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Drought over but affects will linger

2 October 2013

Drought over but affects will linger

While the drought of 2013 is now officially over, some farms, especially meat and fibre will see its aftermath linger for years to come.

“While the thankfully benign winter and spring has seen a most remarkable come back in terms of pasture, North Island sheep farmers in particular lost capital stock and quality genetics,” says Katie Milne, Federated Farmers Adverse Events Spokesperson.

“Not to mention their wool crop too. The shame being that it came at a time when wool seemed to be finding its feet

“After speaking to my colleague Jeannette MaxwellI, Federated Farmers Meat & Fibre Chairperson, it means we are looking at fewer lambs this year with speculation it could be upwards of three million.

“Replacements will naturally cost more so it could take five years for farms to fully recover and that assumes there are no further climatic or market shocks.

“Yet the drought of 2013 should make us wake up to two realities. First, rain water storage is sorely needed in key farming areas and secondly, there is no such thing as ‘farmer welfare’.

“Having been interviewed at length during the drought, it amazed me to encounter people who believed every farmer was getting a cheque from the government. There was some harsh things said about farmers and it is time to put the record straight.

“Despite the worst drought in 70-years, covering the South Island’s west coast and the entire North Island, only 146 applications for Rural Assistance Payments (RAP) were granted. There are, after all, tens of thousands of farms in New Zealand.

“Federated Farmers repeatedly said the only way for farmers to qualify for a RAP was to be in the most severe and constrained financial circumstances.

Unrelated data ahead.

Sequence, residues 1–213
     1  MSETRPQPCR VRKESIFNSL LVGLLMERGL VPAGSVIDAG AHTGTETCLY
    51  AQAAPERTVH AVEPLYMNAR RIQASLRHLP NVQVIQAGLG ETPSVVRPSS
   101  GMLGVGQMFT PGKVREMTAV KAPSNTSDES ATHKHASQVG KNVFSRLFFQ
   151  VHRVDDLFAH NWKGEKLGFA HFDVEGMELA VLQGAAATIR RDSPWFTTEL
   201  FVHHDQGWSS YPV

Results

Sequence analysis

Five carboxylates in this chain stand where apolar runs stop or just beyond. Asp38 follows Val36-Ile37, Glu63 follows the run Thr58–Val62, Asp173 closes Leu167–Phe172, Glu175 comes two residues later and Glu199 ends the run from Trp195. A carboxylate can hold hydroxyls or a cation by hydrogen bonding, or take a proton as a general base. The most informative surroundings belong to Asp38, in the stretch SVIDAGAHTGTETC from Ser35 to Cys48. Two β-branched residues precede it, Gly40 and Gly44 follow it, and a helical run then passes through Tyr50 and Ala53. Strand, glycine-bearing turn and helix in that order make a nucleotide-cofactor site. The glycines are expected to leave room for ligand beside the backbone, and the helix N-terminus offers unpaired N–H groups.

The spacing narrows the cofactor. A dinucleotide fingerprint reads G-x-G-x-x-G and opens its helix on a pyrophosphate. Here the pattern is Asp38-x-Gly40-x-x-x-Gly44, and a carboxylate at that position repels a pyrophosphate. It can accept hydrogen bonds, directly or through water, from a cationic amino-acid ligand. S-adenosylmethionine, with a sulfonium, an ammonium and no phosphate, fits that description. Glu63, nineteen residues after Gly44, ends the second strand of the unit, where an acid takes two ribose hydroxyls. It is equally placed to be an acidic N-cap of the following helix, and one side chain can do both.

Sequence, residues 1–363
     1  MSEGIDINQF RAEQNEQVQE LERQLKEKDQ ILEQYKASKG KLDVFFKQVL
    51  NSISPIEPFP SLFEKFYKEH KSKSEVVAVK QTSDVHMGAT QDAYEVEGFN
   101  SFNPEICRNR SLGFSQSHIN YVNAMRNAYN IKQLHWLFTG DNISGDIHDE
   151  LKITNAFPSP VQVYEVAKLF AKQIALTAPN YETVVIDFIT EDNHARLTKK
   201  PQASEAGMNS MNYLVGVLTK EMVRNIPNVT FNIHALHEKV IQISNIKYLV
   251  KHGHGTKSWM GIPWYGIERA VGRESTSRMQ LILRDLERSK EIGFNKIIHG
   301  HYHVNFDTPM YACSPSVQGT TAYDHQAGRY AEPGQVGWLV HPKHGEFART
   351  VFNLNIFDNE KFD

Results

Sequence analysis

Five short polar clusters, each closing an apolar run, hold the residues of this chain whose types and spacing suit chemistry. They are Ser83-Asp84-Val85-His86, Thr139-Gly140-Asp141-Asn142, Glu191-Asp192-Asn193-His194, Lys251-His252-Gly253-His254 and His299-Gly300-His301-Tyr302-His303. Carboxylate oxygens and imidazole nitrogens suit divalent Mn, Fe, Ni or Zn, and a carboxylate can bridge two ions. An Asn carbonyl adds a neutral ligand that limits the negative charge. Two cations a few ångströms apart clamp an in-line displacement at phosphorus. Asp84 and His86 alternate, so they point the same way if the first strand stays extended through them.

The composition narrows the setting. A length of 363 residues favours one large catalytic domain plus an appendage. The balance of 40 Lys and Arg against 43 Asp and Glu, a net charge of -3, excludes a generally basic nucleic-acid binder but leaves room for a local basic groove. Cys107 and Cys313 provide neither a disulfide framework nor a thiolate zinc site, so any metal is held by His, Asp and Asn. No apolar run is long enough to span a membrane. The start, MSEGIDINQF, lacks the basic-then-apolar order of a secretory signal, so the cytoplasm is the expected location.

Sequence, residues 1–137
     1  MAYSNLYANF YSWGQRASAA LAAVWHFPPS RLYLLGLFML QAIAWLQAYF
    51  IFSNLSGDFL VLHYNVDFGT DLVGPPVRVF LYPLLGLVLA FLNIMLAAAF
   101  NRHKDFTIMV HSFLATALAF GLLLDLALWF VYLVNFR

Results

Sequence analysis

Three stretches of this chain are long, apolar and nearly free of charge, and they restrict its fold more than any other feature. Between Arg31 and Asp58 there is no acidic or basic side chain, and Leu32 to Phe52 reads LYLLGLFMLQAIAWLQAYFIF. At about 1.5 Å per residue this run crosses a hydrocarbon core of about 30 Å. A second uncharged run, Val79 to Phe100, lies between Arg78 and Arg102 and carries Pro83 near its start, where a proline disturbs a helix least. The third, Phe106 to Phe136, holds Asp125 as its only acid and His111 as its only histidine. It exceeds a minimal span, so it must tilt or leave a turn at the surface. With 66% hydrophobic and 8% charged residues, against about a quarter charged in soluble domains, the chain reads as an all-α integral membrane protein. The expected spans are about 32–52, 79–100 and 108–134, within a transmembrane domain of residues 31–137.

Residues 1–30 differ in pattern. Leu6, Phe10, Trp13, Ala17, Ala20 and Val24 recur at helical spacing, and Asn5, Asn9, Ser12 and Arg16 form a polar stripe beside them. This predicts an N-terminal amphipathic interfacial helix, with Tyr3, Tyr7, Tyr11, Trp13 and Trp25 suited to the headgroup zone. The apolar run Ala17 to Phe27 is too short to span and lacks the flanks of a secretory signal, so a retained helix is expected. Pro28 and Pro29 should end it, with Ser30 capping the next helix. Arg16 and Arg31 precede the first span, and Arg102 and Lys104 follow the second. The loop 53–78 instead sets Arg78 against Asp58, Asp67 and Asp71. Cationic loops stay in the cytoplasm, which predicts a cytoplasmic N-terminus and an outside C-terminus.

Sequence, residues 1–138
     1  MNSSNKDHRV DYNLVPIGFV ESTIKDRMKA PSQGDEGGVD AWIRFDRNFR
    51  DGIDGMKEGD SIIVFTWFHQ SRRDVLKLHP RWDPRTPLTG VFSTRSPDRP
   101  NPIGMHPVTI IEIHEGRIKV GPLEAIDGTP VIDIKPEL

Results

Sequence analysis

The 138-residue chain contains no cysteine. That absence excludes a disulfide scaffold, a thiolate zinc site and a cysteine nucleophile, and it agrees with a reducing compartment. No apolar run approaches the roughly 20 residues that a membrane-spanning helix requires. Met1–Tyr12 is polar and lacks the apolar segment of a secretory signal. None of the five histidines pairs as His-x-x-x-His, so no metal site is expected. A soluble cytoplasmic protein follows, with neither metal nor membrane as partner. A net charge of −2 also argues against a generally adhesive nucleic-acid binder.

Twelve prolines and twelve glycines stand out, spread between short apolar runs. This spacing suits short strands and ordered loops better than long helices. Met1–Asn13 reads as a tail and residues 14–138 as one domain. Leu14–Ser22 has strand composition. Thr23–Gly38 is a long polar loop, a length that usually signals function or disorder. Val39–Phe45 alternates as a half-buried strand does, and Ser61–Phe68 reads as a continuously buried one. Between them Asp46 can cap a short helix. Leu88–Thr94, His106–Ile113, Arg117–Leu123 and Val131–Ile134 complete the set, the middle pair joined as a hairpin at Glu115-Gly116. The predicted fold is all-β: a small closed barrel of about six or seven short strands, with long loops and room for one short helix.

“The total of $814,277.32 that these 146 qualifying applicants received works out to be an average of $5,577.21. It needs to be remembered that applicants had to lose almost everything in order to get the same benefit as the unemployment one.

“Yet we must acknowledge the invaluable funding for the Rural Support Trusts.

“They provided counselling and advisory services to help farmers and their families to get through the most trying of times. The $320,000 in funding that the Rural Support Trusts received from the MPI was not only cost effective, it worked.

“Set against the billions of dollars that the primary industries generate for New Zealand, the drought has cost taxpayers just over $1.13 million in assistance. This is not an outrageous sum given the scale of the adverse event. It was targeted at those who had lost and to provide advisory services to prevent others from losing out.

“As we look back we would like to thank the MPI and our kindred organisations who worked with Federated Farmers. I wish to especially thank our Grain & Seed Industry Group for their amazing work in shifting feed to the North Island.

“It was a stressful time for many and we hope that with real policy solutions on the table to meet our ever changing climate, the drought of 2013 will be one for the history books,” Katie Milne concluded.

ENDS

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